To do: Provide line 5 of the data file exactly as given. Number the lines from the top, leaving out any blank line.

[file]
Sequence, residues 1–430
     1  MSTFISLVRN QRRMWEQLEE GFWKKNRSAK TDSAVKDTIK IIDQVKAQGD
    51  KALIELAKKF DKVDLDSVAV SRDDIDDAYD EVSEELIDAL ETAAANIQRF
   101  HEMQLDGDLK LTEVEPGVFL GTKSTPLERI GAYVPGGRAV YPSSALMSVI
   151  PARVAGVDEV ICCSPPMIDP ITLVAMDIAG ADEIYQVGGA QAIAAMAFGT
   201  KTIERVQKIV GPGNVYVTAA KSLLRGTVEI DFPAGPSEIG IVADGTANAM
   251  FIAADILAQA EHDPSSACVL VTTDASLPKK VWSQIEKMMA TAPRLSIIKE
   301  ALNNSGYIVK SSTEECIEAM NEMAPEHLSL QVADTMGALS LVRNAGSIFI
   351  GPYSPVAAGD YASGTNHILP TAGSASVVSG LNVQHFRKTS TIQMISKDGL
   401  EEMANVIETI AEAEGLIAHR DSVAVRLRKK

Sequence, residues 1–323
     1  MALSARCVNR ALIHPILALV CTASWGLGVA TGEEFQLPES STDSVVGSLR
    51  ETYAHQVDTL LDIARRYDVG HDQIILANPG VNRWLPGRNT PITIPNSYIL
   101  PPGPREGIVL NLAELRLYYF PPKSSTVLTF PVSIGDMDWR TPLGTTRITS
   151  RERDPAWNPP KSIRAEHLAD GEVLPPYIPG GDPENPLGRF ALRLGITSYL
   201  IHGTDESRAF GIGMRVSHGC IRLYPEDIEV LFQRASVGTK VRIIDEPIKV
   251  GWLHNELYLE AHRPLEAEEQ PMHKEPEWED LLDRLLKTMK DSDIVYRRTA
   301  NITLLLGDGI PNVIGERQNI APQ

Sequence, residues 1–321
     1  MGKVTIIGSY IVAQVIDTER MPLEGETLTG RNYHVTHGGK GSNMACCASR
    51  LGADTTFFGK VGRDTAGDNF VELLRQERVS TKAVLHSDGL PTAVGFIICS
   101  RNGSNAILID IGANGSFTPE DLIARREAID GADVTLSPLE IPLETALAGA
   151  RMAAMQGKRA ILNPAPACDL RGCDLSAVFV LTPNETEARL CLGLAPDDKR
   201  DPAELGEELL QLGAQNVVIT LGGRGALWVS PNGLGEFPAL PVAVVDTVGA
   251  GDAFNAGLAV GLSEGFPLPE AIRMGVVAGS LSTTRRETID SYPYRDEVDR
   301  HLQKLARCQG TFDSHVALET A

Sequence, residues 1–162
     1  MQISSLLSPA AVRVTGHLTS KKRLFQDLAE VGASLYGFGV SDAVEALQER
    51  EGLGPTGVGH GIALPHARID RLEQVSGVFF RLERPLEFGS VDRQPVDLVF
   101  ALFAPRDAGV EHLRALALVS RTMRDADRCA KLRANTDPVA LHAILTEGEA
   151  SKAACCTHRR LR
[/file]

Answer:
   151  PARVAGVDEV ICCSPPMIDP ITLVAMDIAG ADEIYQVGGA QAIAAMAFGT